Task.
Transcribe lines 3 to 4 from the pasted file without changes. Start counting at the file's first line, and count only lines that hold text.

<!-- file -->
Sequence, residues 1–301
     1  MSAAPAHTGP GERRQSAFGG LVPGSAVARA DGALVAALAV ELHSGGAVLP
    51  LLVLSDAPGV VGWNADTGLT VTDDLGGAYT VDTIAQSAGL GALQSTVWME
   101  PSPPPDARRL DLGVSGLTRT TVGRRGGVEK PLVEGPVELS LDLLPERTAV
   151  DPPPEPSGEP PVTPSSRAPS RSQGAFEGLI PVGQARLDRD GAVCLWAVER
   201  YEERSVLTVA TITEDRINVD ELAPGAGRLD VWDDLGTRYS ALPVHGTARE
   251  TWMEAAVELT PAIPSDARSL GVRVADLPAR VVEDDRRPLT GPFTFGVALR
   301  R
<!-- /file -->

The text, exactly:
    51  LLVLSDAPGV VGWNADTGLT VTDDLGGAYT VDTIAQSAGL GALQSTVWME
   101  PSPPPDARRL DLGVSGLTRT TVGRRGGVEK PLVEGPVELS LDLLPERTAV